The decision to hire a DUI | DWAI lawyer in Denver Colorado is an important one...it can mean the difference between "Guilty" and "Not Guilty", and a suspended license or driving freedom. Its the most important decision you will ever make. So how do you decide? First, stay away from DUI | DWAI lawyers who promise to get the case dismissed or "get you off". DUI | DWAI lawyers cannot guarantee results, ever. Second, stay away from DUI | DWAI lawyers who are too busy or not serious about really investigating your case, filing the appropriate legal documents, making important arguments in court, or listening to your concerns. Some DUI | DWAI lawyers never intend on doing any work on your case after you pay them a retainer and simply hope you take a plea bargain so they don't have to. This is a waste of your money - and defeats the purpose of having a lawyer. Finally, stay away from DUI | DWAI lawyers in Denver Colorado who try to hard to convince you to take the first plea bargain that comes along. This is another lazy approach to criminal defense representation.
The Evans Firm is different! We do everything based on the simple assumptions that 1) you are innocent; and 2) you want your lawyer to do everything to protect you as much as possible. We assume that when you hire us as your lawyer, you want us to fully investigate your case and understand all of the facts. We assume that you want us to file all the proper legal documents and make the important legal arguments in court to protect your rights. And finally, we assume that if your case is not dismissed, that you should have the option to go through to trial in Denver Colorado with a jury. We do not push our clients to accept a plea bargains.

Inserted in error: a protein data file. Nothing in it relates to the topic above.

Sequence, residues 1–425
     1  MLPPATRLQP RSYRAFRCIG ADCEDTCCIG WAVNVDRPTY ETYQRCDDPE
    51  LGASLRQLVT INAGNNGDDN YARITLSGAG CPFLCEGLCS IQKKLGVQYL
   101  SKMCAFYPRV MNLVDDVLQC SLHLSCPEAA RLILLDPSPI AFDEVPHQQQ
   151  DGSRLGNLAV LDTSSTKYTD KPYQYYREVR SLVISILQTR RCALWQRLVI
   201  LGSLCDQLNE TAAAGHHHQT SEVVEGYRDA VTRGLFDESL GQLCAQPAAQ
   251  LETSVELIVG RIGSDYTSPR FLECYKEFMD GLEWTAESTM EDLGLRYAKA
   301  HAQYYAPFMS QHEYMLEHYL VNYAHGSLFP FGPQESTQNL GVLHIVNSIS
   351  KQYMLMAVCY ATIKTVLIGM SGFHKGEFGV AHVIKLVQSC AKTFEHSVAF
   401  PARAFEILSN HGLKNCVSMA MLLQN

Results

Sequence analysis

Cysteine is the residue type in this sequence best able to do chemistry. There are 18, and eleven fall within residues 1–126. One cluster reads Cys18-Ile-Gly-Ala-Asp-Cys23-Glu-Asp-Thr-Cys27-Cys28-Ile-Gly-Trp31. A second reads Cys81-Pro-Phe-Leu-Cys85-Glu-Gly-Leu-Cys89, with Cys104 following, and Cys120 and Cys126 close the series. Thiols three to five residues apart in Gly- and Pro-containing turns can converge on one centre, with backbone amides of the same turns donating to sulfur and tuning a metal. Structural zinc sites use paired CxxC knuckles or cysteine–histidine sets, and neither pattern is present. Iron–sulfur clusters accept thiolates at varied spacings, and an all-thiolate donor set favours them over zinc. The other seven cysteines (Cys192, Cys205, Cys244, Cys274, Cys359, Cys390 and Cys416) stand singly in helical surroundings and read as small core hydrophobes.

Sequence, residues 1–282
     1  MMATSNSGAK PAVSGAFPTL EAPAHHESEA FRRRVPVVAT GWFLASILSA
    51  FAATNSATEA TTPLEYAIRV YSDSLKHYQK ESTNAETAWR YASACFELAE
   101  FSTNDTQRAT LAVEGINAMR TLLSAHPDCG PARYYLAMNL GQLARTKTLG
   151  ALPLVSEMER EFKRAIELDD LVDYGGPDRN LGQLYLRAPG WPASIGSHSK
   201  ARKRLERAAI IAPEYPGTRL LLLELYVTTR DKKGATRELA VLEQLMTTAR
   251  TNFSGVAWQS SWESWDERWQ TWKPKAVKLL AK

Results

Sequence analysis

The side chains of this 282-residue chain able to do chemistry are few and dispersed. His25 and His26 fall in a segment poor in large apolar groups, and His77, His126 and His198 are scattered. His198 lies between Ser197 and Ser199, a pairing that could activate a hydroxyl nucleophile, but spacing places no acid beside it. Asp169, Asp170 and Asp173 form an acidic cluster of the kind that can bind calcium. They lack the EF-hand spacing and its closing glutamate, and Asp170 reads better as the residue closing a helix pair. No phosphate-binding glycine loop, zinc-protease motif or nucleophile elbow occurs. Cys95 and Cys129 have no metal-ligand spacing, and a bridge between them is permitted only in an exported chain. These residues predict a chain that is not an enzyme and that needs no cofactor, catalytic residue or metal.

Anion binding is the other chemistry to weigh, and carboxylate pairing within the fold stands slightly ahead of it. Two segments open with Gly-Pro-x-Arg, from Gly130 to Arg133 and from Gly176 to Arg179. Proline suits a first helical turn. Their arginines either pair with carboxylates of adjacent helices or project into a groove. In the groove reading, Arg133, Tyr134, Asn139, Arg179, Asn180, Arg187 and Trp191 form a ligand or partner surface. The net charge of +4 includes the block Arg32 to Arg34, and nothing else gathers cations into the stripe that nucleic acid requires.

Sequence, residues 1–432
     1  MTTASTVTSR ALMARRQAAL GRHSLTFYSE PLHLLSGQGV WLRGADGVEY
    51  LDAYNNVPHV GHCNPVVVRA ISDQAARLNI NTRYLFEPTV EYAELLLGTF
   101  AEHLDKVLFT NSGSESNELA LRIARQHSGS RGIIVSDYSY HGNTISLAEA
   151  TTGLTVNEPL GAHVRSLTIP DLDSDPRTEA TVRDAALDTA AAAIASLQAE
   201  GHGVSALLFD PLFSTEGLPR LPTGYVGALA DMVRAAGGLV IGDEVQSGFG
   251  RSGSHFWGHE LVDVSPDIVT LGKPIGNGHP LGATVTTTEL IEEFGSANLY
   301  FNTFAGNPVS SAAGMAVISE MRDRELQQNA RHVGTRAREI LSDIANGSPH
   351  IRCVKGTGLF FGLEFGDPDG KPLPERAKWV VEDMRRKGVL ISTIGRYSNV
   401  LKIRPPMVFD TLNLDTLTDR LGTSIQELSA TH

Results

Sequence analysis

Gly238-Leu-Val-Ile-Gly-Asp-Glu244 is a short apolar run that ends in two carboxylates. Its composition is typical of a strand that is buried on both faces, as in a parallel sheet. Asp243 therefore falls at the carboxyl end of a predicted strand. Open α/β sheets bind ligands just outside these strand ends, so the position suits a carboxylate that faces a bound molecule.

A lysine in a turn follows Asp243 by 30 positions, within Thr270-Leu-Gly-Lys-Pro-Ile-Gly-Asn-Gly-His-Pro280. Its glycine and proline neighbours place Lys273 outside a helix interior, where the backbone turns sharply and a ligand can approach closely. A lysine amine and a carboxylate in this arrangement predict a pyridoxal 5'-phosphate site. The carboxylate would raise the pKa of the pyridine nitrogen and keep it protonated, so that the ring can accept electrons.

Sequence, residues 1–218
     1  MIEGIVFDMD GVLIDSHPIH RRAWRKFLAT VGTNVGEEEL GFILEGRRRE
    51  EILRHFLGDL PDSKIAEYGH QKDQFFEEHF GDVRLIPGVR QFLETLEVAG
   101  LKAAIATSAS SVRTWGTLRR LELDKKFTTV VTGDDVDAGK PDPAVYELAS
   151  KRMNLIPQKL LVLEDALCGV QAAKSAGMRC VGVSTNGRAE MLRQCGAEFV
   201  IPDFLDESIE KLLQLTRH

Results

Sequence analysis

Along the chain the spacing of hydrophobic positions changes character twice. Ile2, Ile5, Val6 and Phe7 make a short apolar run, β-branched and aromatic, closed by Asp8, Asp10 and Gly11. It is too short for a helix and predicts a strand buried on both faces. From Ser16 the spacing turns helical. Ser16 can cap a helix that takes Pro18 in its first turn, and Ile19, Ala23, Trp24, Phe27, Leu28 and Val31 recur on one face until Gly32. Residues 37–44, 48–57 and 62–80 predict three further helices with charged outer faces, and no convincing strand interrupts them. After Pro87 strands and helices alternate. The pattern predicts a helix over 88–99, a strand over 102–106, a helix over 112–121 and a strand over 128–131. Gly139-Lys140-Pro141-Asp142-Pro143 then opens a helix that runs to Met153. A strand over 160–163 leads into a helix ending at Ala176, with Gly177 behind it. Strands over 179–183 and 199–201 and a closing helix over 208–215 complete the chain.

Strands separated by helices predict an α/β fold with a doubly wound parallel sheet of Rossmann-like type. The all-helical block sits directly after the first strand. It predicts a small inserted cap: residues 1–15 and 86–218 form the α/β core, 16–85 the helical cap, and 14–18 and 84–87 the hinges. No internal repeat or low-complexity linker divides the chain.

We spend quality time educating our clients on the criminal justice process, the risks and benefits of trial, and the possible outcomes of their case. We find that when our client's understand the judicial system and the facts of their case, they make better decisions. Finally, while we can never guarantee the outcome, we rely on our 1) practical knowledge of the law; 2) thorough investigation; 3) ability to negotiate; and 4) solid courtroom & jury experience to achieve positive results for our clients, whether that is avoiding prison, reducing the charges or penalties, or obtaining a "Not Guilty" verdict. When you are ready to hire a hard working DUI | DWAI lawyer in Denver Colorado, who fights and defends liberty fearlessly, call The Evans Firm at 303-221-3634.
We are known by our clients and our opponents to be fearless advocates. We use a trial-centered approach, instead of a settlement-centered approach. This enables us to better work with opposing parties by accurately analyzing your case to find the right legal solution that fairly represents your best interests. While many cases do eventually settle, we have the expertise in the courtroom to get the job done if necessary and effectively convey your message to the jury.
At The Evans Firm, we became lawyers to try cases...not to push paper. If you are going to hire a lawyer, shouldn't you hire one that is able to take your case from beginning to end and not force you to settle? We look forward to personally speaking with you and finding out how we can best reach your goals. Check out what our clients have said about our firm. When you are ready to hire a hard working lawyer in Denver Colorado, who fights, defends liberty fearlessly, and finds legal solutions, call The Evans Firm at 303-221-3634.
ATTORNEY MICHAEL D. EVANS